today there was a shooting at a school

[UPDATE 28MAY2022:

1. I took the picture above. My daughter Tara is holding the cello while friend/mentor/professional cellist Laura Ritchie makes music real for Tara’s classmates. It was a beautiful moment. Now we all have to live with the possibility that a moment just like this can be destroyed in a sudden hail of gunfire.

2. Every Tuesday I email a newsletter with a hodgepodge of ideas, resources, and a link to my weekly blog post. Last week, when we all were confronted with the news from Texas, it didn’t feel right to send out the newsletter, or even a message about why I wasn’t sending it. Late that evening I sat down to write. Early the next morning I posted my thoughts here. Wherever you are in the world, whatever your feelings about schools, people, or guns, I hope this – and whatever else comes next in our lives – somehow brings us closer together.]


Today there was a shooting at a school.

At least 19 children and two teachers are dead.

We all saw it coming. The last mass murder was just a few days ago. The next one will be too soon. Maybe in your neighborhood store. At your neighborhood school. Or movie theater. Or house of worship.

23 years ago, Columbine shocked a generation. 23 years later, we know how the story goes. Law enforcement responds. Politicians warn against politics. Constitutional rights. Social media. Flags at half-mast. Mental illness. Moments of silence. Thoughts and prayers.

Meanwhile, the images keep coming. Photographs of smiling faces that will never say another word. Distraught parents begging for answers that will never come.

And what of the survivors, the classmates and siblings who saw what they saw, who know what they know, and who will now endure both the horrifying memories and well-meaning adults who try to make it all better? In a couple decades the alumni of this trauma will have children of their own. Some of those children may turn out OK. Others will be raised by scars that never heal, and the cycle will continue.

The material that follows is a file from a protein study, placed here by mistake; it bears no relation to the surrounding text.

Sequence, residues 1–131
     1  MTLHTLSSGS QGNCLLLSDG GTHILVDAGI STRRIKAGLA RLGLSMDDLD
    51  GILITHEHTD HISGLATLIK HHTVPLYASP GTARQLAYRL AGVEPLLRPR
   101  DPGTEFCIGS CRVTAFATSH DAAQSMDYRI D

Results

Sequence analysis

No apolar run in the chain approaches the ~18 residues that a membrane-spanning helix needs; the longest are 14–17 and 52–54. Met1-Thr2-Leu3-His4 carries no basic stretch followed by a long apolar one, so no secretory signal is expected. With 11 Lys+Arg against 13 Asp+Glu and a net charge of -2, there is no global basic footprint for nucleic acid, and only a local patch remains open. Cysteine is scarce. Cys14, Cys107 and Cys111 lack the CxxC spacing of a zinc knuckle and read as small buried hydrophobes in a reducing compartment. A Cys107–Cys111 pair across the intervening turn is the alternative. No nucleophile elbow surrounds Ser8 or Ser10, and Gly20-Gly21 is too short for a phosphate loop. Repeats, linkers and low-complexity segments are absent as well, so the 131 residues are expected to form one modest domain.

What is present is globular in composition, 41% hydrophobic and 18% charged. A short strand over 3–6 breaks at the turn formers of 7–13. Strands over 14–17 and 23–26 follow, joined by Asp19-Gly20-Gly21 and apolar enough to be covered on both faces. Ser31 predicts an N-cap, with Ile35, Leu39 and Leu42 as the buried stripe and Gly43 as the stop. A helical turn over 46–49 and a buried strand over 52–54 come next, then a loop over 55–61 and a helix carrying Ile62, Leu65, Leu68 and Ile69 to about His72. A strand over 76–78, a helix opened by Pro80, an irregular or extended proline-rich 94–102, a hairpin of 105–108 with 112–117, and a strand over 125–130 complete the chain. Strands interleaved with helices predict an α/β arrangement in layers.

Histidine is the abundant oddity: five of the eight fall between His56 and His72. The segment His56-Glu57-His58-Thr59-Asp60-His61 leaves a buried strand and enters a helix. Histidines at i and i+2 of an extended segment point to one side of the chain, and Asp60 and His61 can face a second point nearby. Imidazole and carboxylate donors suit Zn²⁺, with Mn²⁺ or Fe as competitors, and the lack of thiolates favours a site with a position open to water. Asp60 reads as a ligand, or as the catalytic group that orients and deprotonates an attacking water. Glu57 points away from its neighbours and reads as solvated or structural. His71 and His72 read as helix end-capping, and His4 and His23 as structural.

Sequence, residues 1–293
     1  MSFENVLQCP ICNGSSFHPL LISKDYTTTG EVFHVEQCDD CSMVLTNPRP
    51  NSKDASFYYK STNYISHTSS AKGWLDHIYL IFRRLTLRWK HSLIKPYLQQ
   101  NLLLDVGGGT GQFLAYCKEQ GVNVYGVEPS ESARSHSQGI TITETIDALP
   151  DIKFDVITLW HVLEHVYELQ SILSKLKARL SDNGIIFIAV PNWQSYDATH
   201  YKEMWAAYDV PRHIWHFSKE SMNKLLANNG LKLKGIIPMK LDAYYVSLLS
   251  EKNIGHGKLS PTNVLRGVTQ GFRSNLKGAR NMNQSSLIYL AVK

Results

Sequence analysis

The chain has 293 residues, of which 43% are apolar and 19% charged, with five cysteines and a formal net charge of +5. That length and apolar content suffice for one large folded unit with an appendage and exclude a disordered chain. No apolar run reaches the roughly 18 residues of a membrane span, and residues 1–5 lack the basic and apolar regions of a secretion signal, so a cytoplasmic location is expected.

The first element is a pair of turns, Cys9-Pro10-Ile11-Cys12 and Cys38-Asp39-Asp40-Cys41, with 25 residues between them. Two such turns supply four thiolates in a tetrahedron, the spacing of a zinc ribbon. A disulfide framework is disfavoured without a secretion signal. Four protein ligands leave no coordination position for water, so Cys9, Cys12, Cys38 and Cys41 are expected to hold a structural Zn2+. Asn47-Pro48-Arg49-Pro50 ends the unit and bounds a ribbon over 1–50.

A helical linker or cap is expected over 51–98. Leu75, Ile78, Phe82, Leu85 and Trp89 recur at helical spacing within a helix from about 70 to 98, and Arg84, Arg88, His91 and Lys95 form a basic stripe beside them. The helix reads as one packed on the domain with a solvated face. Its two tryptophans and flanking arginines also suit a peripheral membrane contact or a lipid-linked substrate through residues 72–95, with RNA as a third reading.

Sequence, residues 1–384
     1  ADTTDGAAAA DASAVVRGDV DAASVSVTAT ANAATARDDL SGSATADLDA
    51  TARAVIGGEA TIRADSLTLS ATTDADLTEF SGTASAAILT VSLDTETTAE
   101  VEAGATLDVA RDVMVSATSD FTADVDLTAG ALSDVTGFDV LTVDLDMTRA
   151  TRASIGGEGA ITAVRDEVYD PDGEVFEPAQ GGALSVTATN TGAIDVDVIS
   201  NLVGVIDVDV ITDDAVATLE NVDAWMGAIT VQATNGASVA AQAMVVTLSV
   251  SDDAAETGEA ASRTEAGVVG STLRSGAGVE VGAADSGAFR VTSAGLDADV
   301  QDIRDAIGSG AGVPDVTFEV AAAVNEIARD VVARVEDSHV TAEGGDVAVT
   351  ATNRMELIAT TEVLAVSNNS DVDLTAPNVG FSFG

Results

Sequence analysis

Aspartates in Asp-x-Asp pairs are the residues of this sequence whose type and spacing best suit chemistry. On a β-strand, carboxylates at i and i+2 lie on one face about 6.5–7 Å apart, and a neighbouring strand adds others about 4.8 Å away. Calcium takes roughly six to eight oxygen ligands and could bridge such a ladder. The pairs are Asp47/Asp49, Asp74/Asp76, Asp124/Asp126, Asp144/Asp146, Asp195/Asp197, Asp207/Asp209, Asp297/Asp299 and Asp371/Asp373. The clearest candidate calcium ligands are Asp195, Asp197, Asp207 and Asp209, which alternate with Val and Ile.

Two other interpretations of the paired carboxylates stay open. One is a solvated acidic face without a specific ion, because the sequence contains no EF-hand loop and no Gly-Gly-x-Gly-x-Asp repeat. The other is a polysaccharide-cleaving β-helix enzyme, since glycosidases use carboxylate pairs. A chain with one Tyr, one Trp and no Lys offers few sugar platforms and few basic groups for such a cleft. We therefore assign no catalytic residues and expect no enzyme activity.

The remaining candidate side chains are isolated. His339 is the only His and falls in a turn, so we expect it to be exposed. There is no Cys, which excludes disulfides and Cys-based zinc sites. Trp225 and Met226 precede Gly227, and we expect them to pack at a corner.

What of the teachers, who sat through the safety trainings and the live shooter drills to work for so little money and even less regard, only to die in a work environment where the vision statement says, “safe campus”?

Over the next few days countless people will make emotional appeals and cite statistics. Some of us will feel heard. Most won’t. Many will continue to call for change because we will continue to need it.

But right now, in the very moment that you read this sentence, the next shooter is shopping.

Maybe we can take a little solace in the idea that just a couple decades ago, this was all unthinkable. There was a time. So maybe, just maybe, if we stop yelling at each other for just a moment, we can reclaim a shared sense of reality. Something we can agree on. Maybe that agreement – something as basic as the idea that our babies and their teachers shouldn’t go to school to die bleeding in a hail of bullets – can be a start, an air bubble of sanity that will give us just enough room and time to figure out a way to survive this culture that somehow sped off the pier of civility and democracy and began to sink in a lake of cynicism, hatred, and violence.

Maybe this could be the last time anyone could ever write a first and last sentence so deeply horrible that I beg you to read it again and take it all the way in, to really sit with it and ask yourself if you – if any of us – deserve to live in a world where it is even possible to write this as nonfiction:

Today there was a shooting at a school.